Welcome to this week’s installment of F2P Friday, where we highlight our favorite video games that are Free-2-Play. The video game market can be oversaturated, and sometimes hidden gems can fall through the cracks. This is where we do all the digging for you and bring you a new F2P game every week that we think you will enjoy. So get ready to dive in!


Hailey's kitchen in Rhome.

Hailey’s kitchen before things become twisted.

The Basics

Rhome is the beautiful brainchild of a group of students at SMU Guildhall known as Penny Jar Studios. The development project lasted for 16 weeks and was released on PC through Steam on February 21, 2020. It is a first-person walking simulator that has players exploring the home of the famed architect Hailey Rhome. However, it takes a dark turn almost right away and it is up to the player to navigate Hailey through this nightmare.

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The story of Rhome follows Hailey who returns home one night to find her husband missing. The player guides her while exploring and finding clues. The more the player delves in, the more things behind to twist and turn while Hailey slowly drifts into madness. The game serves as an interactive experience and horror novella all in one. Gameplay can be finished in just under an hour which makes it perfect for an afternoon of gameplay.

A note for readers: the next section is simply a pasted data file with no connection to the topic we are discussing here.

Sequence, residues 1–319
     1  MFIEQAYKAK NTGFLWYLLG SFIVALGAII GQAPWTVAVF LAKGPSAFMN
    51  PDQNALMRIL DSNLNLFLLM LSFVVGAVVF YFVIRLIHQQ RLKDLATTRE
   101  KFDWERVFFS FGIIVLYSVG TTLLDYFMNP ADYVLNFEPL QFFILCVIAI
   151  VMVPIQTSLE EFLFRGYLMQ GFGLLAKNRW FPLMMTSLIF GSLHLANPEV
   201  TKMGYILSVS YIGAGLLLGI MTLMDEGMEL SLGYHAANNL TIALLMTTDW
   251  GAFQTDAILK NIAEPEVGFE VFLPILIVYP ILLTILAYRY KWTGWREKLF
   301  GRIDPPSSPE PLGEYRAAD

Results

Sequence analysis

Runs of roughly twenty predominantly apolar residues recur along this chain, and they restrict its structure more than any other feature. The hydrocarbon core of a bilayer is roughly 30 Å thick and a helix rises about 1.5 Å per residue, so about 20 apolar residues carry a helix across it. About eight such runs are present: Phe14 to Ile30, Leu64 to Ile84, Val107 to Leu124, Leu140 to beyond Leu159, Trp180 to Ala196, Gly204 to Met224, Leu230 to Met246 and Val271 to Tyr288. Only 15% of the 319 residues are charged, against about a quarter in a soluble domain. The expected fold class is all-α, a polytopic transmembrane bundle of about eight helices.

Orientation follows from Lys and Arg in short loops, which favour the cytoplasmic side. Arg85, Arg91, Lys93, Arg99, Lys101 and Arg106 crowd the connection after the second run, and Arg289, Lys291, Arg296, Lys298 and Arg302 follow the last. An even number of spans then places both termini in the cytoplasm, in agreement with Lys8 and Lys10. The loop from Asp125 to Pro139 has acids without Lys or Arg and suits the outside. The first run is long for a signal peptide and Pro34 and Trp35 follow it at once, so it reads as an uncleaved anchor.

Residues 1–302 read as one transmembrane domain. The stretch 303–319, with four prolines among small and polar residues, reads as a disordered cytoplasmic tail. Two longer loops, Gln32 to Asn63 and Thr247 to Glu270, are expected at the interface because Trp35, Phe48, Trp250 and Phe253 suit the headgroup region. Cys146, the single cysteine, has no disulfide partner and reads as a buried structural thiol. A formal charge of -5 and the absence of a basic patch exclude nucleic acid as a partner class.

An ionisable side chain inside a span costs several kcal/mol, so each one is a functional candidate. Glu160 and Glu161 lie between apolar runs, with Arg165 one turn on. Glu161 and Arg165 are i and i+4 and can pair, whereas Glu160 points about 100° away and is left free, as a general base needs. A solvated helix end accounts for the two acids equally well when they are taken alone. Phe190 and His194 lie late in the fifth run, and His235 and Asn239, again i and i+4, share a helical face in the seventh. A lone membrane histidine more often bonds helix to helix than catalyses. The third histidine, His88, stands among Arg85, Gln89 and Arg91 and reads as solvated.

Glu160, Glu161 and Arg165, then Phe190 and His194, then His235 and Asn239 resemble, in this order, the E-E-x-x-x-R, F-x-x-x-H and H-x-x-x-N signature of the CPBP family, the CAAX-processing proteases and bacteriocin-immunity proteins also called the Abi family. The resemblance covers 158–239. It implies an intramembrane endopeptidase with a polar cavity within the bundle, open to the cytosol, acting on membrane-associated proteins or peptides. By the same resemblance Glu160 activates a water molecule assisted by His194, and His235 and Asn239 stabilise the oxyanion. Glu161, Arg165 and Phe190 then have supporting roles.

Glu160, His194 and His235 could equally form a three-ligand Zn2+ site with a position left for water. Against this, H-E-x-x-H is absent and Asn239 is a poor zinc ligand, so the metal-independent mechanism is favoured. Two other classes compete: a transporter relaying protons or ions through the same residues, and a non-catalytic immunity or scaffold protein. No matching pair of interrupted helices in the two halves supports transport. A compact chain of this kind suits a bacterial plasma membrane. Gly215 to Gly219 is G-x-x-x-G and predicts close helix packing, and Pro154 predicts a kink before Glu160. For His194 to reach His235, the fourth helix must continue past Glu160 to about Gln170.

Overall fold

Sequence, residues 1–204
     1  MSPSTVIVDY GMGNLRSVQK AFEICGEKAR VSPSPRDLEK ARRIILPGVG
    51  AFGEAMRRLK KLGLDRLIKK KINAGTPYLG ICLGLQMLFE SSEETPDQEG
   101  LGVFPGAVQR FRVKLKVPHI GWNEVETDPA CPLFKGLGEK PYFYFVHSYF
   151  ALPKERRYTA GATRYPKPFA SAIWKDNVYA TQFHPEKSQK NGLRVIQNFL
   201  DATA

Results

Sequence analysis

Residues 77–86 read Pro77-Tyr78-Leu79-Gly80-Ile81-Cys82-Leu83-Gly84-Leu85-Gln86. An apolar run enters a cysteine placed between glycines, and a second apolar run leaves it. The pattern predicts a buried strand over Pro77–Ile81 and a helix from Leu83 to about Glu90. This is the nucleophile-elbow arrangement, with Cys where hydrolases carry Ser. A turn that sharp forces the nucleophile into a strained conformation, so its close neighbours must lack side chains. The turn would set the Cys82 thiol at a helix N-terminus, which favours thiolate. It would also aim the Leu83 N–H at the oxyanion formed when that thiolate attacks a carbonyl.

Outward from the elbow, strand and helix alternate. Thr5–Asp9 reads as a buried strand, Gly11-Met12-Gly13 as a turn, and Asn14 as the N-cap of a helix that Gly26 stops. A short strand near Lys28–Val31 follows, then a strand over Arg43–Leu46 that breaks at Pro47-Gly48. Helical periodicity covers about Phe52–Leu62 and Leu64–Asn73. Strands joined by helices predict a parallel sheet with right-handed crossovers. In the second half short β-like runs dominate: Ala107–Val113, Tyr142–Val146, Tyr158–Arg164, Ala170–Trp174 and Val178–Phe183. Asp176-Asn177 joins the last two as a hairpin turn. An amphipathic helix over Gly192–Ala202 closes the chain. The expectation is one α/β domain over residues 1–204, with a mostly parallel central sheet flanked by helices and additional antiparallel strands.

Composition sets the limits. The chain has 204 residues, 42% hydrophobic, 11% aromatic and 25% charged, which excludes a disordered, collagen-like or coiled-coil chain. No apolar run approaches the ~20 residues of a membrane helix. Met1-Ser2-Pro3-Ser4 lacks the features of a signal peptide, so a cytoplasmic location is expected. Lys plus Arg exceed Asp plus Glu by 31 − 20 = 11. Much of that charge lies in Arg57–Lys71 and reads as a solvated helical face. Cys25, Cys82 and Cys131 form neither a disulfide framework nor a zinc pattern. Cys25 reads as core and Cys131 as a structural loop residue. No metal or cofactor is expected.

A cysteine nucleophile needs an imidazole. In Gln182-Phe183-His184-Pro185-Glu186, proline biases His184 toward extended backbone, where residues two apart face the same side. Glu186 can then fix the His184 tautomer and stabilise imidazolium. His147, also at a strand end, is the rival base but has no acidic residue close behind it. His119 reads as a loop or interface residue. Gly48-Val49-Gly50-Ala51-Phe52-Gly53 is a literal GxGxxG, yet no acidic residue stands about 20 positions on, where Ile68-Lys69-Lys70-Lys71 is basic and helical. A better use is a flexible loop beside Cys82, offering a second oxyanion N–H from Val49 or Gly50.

Why You Should Play It

Rhome is one of those games that will scare you without ever having to throw gore or mutated bodies at you. From the moment the door shuts behind Hailey and the player gains control, the onset of the scare anxiety sets in. This feeling is simultaneously amazing and terrifying. But scary themes aside the gameplay is smooth and the world they created to explore is simply amazing. Needless to say when I am rich I will be calling them to design my house.

It also features a unique puzzle mechanic that while only appears a few times in the game, is interesting in design and fits perfectly into the world they have created. While things begin to turn the house upside down and inside out, little miniature objects appear that the player can interact with. By changing these, the player is able to change the actual object itself. The only downside is that Rhome was a school project so it seems we won’t be getting any more gameplay development. But we can always hope the team will come back together for another.

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Julia Roth
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